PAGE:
Suspects' DNA data plans changed [UK]
BBC News

The UK government has dropped plans to give ministers wide powers on holding innocent people's DNA data on record.

Is it worth testing your genes?
by Amanda Gardner, HealthDay
Whether or not commercially available genetic tests actually provide any useful information remains in question.
The $4400 Genome
by Robert F. Service, ScienceNOW Daily News

Complete Genomics may soon be able to sell full human genome sequences for less than $5000 apiece.

For Sale: Human Eggs Become a Research Commodity
by Katherine Harmon, Scientific American
A decision to pay for eggs for stem cell studies sparks debate.
California Awards Grants for Research Projects in Nonembryonic Stem Cells
by Andrew Pollack, New York Times

In a tacit acknowledgment that the promise of human embryonic stem cells is still far in the future, California’s stem cell research program awarded grants using mainly other, less controversial cells.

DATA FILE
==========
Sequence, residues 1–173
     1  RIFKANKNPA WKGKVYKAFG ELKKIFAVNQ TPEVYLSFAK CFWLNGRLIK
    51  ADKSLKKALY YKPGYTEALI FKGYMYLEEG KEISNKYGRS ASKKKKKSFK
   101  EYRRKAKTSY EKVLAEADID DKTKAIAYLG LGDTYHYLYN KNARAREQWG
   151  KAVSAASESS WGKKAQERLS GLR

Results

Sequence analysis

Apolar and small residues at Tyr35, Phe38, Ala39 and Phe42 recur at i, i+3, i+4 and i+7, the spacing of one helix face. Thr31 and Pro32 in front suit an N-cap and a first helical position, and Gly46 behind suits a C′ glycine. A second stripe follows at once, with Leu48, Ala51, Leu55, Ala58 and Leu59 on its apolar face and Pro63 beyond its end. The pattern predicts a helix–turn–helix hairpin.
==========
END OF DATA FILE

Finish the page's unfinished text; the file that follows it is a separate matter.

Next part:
Scientists want debate on animals with human genes
by Kate Kelland, Reuters
The UK's Academy of Medical Sciences launched a study to look at the use of animals containing human material in scientific research.
Welcome to the Clone Farm
by Karl Plume, Reuters

Government approvals of meat from cloned animals have stirred controversy about whether tinkering with nature is safe, or even ethical, prompting major food companies to swear off food products from cloned animals. But consumers are likely already eating meat and drinking milk from the offspring of clones without even knowing it.